Remembering Selena 22 years after her death

(CNN) When Selena was breaking concert attendance records at home and abroad, there weren't a lot of crossover pop stars who looked like her in the United States.

There was Rita Moreno and Gloria Estefan and ... well, that's about it.

The March 31, 1995, death of the Mexican-American singer plunged many Latino listeners into mourning and brought her music to the attention of English speakers who would soon become fans.

Selena Quintanilla-Perez started singing the Tejano music that eventually made her famous in her father's restaurant in Lake Jackson, Texas. Her father Abraham taught the family band and named them Los Dinos after his own group from earlier years. Selena's brother, A.B., played bass, and her sister, Suzette, played drums.

When the family moved to Corpus Christi, the group started getting gigs at local parties and weddings.

Selena was only 15 when she won female entertainer of the year at the Tejano Music Awards. That got her a record contract, and several albums followed. She eventually married her guitarist, Chris Perez.

In 1994, she won a Grammy for best Mexican-American album for "Selena Live!" and seemed poised for mainstream stardom.

When the president of Selena's fan club shot her to death the following year in a Texas motel room, her first English-language album was months from release. Her death made international headlines.

She was 23 years old.

Twenty-two years later, her influence is still being felt.

Here are five things you may not know about Selena.

Selena had to learn Spanish.

A third-generation Texan of Mexican descent, Selena didn't grow up speaking Spanish. Neither did her husband, Perez, who played guitar in her band and fell in love with her on the road.

In his book, "To Selena, with Love," Perez said they practiced speaking Spanish before their first big publicity blitz in Mexico. "In Mexico, Selena mangled her conversations in Spanish like the rest of us, but not for long."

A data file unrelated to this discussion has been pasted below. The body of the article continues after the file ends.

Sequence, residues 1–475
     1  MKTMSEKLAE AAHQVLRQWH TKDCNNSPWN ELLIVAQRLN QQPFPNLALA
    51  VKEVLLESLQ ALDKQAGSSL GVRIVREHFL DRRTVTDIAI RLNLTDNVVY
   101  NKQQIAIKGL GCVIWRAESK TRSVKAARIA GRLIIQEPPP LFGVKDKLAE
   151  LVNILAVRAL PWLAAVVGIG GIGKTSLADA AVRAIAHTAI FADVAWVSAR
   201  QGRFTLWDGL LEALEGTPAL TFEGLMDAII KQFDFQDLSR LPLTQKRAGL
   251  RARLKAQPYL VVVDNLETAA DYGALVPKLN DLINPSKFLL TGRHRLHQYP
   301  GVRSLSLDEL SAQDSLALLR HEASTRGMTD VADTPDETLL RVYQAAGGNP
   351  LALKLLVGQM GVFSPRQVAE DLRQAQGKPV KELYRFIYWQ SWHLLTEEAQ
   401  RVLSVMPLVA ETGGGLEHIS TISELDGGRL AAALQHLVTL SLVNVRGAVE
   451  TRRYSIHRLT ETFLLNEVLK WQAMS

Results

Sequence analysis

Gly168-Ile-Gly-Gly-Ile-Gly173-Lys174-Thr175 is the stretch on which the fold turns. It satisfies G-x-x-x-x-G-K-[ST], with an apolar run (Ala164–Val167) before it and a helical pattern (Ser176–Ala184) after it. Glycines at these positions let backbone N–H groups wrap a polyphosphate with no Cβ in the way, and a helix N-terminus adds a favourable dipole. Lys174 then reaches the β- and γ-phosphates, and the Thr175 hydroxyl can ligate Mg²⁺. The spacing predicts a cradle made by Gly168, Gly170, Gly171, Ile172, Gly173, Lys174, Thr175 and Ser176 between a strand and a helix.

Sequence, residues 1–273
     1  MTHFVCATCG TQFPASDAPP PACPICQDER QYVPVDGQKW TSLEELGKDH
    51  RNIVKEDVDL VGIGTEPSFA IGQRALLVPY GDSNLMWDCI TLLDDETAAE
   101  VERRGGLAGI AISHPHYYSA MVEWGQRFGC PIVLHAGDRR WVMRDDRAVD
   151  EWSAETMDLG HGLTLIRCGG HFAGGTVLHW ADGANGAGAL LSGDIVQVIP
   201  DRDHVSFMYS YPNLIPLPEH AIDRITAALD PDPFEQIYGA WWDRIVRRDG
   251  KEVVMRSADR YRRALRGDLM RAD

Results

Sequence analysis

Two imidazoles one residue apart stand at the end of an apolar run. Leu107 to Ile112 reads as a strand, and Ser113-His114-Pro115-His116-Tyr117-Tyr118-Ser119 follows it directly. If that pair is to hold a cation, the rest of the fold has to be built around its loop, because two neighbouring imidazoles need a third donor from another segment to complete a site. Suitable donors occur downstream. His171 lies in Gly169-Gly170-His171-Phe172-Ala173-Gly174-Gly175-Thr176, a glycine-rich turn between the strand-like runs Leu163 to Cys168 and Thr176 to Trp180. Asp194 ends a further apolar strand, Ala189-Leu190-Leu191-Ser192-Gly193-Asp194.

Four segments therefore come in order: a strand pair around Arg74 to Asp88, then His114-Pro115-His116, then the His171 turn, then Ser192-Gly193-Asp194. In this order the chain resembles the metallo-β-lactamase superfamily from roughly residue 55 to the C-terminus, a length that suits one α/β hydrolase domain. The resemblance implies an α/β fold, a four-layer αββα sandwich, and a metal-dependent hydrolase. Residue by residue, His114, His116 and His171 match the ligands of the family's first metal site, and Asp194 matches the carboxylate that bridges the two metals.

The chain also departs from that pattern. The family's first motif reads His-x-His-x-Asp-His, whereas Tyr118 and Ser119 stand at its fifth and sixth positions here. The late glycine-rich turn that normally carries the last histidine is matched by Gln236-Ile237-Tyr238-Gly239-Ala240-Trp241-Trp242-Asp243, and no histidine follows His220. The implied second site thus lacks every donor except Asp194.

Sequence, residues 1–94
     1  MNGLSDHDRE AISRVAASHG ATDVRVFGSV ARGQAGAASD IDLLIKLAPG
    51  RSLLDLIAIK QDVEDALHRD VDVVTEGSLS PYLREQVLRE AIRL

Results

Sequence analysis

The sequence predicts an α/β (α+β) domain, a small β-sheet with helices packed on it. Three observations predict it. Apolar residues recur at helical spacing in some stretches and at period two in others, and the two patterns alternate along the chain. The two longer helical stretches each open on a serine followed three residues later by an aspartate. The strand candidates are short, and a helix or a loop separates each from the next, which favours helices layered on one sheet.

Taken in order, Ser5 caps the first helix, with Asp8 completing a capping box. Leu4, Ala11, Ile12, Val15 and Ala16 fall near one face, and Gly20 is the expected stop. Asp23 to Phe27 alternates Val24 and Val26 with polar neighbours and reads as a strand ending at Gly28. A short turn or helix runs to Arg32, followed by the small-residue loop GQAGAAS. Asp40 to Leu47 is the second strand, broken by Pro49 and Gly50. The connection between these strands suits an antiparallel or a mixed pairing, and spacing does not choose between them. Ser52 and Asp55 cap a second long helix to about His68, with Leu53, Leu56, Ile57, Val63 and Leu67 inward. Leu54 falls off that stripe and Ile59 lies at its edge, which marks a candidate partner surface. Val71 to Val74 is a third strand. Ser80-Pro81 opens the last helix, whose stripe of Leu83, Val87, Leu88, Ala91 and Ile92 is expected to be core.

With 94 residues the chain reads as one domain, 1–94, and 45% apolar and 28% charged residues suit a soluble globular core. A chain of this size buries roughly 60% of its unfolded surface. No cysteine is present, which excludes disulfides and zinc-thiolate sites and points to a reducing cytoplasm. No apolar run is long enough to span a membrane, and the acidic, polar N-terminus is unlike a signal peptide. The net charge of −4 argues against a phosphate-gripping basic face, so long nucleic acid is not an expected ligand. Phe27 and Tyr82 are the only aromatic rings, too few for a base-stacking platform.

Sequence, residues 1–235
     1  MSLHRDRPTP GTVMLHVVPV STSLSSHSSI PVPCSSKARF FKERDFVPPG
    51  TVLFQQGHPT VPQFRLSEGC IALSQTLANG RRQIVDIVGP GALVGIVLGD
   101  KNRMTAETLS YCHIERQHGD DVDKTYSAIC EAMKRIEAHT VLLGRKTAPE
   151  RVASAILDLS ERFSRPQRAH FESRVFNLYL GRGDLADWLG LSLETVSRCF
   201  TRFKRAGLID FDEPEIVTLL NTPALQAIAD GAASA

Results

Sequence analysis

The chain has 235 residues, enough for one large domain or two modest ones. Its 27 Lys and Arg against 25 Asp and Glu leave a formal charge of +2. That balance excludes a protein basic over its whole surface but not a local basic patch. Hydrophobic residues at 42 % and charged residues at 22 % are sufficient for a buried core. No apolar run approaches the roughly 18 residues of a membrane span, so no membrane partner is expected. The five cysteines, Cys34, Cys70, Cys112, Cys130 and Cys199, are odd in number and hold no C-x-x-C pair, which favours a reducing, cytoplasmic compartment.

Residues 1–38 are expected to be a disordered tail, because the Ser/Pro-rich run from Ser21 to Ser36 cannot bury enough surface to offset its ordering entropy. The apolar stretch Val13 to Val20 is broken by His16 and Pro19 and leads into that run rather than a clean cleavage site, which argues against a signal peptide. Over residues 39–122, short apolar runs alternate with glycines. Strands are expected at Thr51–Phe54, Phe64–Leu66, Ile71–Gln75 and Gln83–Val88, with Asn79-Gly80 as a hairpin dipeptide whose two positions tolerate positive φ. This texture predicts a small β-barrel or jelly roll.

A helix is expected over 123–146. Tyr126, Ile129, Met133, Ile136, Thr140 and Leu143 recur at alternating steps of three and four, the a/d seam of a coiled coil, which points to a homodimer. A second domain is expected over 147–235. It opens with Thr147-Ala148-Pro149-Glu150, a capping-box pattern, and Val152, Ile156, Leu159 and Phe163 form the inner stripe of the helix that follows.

"She said, 'It'll be cool. You watch. I'm going to learn Spanish and surprise everybody,' " Perez wrote. "She got better and better, to the point where I'd have to ask her to slow down so that I could understand what she was saying."

She sold out the Astrodome.

Selena performed several times at the Houston Livestock Show and Rodeo at the Astrodome to sold-out crowds of more than 60,000 people. (It wasn't just any rodeo: Elvis Presley, Michael Jackson and the Osmonds have all played the event.)

"We had 20 performances this year," Leroy Shafer, assistant general manager of the show, told the New York Times in 1995. "We had Reba McEntire, George Strait, Clint Black and Vince Gill. She had the highest-selling show concert at our show this year, at 61,041 in the Astrodome."

Her album went to No. 1.

Her 1995 crossover album, "Dreaming of You," went to the top of the Billboard 200 the first week it was released. She was the first Latin artist to debut atop the list.

"There were supposed to be 14 tracks, but we had only recorded four of them, so we put together a tribute album of new and old songs," Nancy Brennan, then vice president of A&R at EMI, told Texas Monthly. "Making that album was the most difficult thing I have ever had to do, because we were listening to her voice all day and crying as we were mixing the songs."

"Selena" (the movie) ignited Jennifer Lopez's career.

Starring as Selena in the 1997 movie of the same name, Jennifer Lopez became the first Latina actress to be paid $1 million for a movie role. Lopez was nominated for a Golden Globe for her performance.